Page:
How To Spice Up Java With the VTune™ Performance Analyzer

For the entire article with figures and code samples please check out: /sites/default/files/article/149015/how-to-spice-up-java-with-the-vtune.pdf

Introduction

by Levent Akyil

Software optimization is the process of improving software by eliminating bottlenecks so that it operates more efficiently on a given system and optimally uses resources. Identifying the bottlenecks in the target application and eliminating them appropriately is the key to efficient optimization. There are many optimization methodologies, which help developers answer the questions of why to optimize, what to optimize and how to optimize, and these methods aid developers in reaching their performance requirements. In this article, I’ll use a top-down approach and this means that I’ll start at a very high level, taking a look at the overall environment, and then successively drill down into more detail as I begin to tune the individual components within the system. This approach is targeted towards Java server applications, but can be applied to client applications as well.

Performance of the Java application in a nutshell depends on:

· the database and I/O configuration, if used;

· the choice of operating system;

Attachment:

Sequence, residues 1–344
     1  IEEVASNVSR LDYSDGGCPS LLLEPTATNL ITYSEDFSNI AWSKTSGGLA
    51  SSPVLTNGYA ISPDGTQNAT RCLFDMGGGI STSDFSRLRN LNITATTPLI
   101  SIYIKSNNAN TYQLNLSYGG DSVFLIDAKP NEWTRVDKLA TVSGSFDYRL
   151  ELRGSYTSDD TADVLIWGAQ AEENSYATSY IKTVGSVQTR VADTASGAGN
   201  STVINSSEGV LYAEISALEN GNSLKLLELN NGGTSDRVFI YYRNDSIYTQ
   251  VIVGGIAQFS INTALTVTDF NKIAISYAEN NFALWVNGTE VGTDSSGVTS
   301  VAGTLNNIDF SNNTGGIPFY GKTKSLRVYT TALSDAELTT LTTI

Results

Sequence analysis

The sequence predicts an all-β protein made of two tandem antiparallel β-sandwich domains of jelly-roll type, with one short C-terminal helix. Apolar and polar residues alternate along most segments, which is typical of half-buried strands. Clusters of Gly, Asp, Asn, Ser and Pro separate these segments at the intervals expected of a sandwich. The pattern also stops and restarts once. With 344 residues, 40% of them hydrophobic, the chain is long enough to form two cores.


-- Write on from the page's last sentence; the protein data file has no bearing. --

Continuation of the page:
· the choice of JVM and JVM parameters;

· the algorithms used;

· the choice of hardware

 

 

Performance tuning at micro-architecture level usually focuses on reducing the time it takes to complete a well-defined workload. Performance events can be used to measure the elapsed time; therefore, reducing the elapsed time of completing a workload is equivalent to reducing measured processor cycles (clockticks).

Intel® VTune™ Performance Analyzer is one of the most powerful tools available for software developers who are interested in this type of performance analysis. The easiest way to identify the hotspots in a given application is to sample the application with processor cycles, and VTune™ analyzer utilizes two profiling techniques, sampling and call graph, to help the developer identify where most of the clockticks are spent, in addition to many other processor events. The sampling can be in two forms: processor event based and time based sampling. Event based sampling (EBS) relies on the performance monitoring unit (PMU) supported by the processors. From this point forward, event based sampling (EBS) will be referred to as sampling.

In a compatible Java development environment, the VTune™ Performance Analyzer can be used to monitor and sample JIT-compiled Java code. The VTune analyzer gets the names of the active methods along with their load addresses, sizes, and debug information from the JVM and keeps this data in an internal file for later processing when viewing results. When your Java application executes, the Just-in-Time (JIT) compiler converts your VM bytecode to native machine code. Depending on your Java environment, either the VM or the JIT provides the VTune analyzer with information about active Java classes and methods, such as their memory addresses, sizes, and symbol information. The VTune analyzer uses this information to keep track of all the classes and methods loaded into memory and the processes that are executed. It also uses this information for final analysis. In summary, the VTune analyzer can identify performance bottlenecks, code emitted by the JIT Compiler (no bytecode support with EBS) and analyze the flow control.